Things Us Adults Have to Ask Ourselves: Am I Truly Taking Care of my Health?


You have the occasional green smoothie and take a cross fit class at least once a month. But when you get to a certain age, you have to wonder whether that’s really enough. Am I taking care of my health?

We’ve all heard the tragic stories. There was that super fit guy who ran marathons and had a heart attack at 45. And then, there was your friend’s mom who died of breast cancer in her late 30s.

When we’re young, these stories seem out of reach. We tend to think we’re invincible. But once we get to a certain age, the concept of mortality starts sinking in. We realize that we could become one of those tragic stories if we don’t clean up our acts.

But when it comes down to it, health can be a very confusing topic. For every study that tells you eggs are unhealthy, there’s another that’ll encourage you to eat more.

Fortunately, you don’t need a nutritional degree to make healthier choices. If you’re wondering if you’re truly taking care of yourself, answer the following questions.

Are you exercising daily?

One study published in the American Journal of Physiology indicates that we really only need 30-minutes of exercise daily. Why? Well, researchers at the University of Copenhagen in Denmark found that 30-minutes of daily exercise provide just as much weight loss and body mass improvement as 60-minutes of the same exercise.

This is good news for those of us who may be reluctant to exercise. All we really need is 30-minutes every day, and who doesn’t have that?

As for what type of exercise we need, a 2018 Circulation study gives us some pointers.

The study found that 30-minutes of aerobic exercise four to five times a week was the “sweet spot” for improving heart health. Researchers analyzed the hearts of 53 adults between 45 and 64 years of age without any history of regular exercise. Participants were split into groups who did aerobic activity and those who did yoga. Those in the aerobic activity group showed an 18 percent improvement in maximum oxygen intake during exercise and more than a 25 percent improvement in ventricular muscle plasticity. The yoga group did not see the same improvements.

Do you have healthy skin?

When something is wrong within the body, you may see external signs. If your body is in need of repair, you may see increased signs of aging, like wrinkles and lost elasticity.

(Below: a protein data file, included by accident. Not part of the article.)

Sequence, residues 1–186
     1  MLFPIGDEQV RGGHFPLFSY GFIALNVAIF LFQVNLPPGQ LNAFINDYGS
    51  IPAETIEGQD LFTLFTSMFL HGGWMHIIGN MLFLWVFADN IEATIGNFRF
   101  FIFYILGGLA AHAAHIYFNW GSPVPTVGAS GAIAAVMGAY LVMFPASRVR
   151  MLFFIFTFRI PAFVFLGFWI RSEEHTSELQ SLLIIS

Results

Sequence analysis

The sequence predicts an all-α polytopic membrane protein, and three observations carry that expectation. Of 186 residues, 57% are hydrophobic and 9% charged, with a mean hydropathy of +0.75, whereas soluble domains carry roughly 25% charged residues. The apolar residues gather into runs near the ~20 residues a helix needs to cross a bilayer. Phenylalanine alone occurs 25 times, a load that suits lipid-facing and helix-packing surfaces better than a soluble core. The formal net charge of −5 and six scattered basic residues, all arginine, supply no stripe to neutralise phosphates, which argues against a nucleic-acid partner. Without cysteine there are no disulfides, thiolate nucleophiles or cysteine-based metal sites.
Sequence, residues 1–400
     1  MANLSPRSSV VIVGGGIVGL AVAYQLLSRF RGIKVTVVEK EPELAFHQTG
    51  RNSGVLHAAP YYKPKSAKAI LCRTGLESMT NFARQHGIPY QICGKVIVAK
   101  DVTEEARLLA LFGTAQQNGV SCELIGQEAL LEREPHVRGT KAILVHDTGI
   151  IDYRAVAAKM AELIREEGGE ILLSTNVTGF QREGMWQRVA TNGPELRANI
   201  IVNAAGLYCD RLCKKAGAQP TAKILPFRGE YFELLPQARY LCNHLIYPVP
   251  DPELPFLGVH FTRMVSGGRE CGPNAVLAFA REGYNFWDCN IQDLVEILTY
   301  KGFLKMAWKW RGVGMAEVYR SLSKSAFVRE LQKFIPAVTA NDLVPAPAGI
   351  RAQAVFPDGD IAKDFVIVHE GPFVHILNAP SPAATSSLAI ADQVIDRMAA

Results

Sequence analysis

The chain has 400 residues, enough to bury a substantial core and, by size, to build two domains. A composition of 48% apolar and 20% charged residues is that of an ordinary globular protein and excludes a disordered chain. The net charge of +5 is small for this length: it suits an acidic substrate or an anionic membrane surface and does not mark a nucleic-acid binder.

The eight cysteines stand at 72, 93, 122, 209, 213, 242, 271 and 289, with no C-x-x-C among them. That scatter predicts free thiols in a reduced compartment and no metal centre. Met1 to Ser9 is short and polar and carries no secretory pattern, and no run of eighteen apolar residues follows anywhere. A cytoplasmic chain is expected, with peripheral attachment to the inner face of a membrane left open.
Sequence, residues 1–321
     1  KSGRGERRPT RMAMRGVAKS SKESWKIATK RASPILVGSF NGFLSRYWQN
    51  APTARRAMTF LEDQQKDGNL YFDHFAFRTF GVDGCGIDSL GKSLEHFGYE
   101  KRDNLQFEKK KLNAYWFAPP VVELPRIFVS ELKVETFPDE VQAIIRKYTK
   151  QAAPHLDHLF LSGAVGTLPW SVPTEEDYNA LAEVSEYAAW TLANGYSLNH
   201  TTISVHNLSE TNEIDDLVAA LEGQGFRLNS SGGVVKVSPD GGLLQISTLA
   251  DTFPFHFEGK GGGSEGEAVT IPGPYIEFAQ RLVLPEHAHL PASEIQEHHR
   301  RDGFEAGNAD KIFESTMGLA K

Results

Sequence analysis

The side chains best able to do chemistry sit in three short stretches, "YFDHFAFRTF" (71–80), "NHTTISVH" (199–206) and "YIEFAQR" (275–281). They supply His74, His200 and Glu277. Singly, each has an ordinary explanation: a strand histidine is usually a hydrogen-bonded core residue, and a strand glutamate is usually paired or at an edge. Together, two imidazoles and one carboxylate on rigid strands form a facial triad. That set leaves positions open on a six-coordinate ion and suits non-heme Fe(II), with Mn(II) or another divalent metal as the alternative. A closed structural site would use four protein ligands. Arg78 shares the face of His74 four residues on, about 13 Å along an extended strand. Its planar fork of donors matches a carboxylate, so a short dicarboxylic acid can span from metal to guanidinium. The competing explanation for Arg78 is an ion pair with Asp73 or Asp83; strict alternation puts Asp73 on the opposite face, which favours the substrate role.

Science has uncovered that free radical damage is at the root of the aging process, both internally and externally. So, if you seem to be aging before your time, you may benefit from some healthier lifestyle changes.

Start by removing anything from your life that could be causing unnecessary oxidative stress. This may include smoking, drinking alcohol or binging on junk food. In addition, make sure you’re getting at least the recommended servings of fruits and vegetables daily. This will help ensure that you’re getting enough antioxidants to offset the inevitable oxidative stress.

Do you have any vices?

If you start your day with a pot of coffee before you switch over to wine in the evening, you’re not doing your body any favors. Also, habits like smoking wreak havoc on your body. Cupcakes are also no picnic. Many studies have shown that sugar has a detrimental effect on health (it’s not just about diabetes).

You may be surprised to learn that even moderate drinking can be bad for your health. So, if you have alcohol regularly, it’s probably time to cut back.

Are you drinking enough water?

Hydration is essential to us human beings. Our bodies cannot function without water, but they also don’t function well on the bare minimum. If you’re only getting enough water to keep thirst at bay, you may not be getting enough water.

The body’s natural detoxification system relies on water to help flush toxins out through perspiration, urination, and respiration.

If you’re wondering how much water you should get, you may find some conflicting information. The reason for this is that it’s entirely individual. It depends greatly on your body type, height, weight, and exercise. It can also depend on the climate you call home.

So instead of trying to calculate precisely how much water you’ll need, do this: Divide your body weight by half and drink that much water in ounces. If you weigh 150 lbs., drink 75-ounces of water.

Use this calculation as a baseline. If you find that you’re still thirsty or sweat profusely (for whatever reason), drink more. If you find that you’re eliminating too often and it’s interfering with your lie, drink a little less. Find the water intake that works best for you and stick with it. This is one of the most natural things you can do to improve your health because you’ll give your body what it needs to function at its best.

Too many of us avoid thinking about health until there’s a problem. Then it becomes an emergency. But if we can all make simple lifestyle changes and stick with them, it’ll be easier to get healthy and stay that way.

About , 

on the Web
More on: Adult Mental Health Care
Latest update: November 14, 2018
Open Forest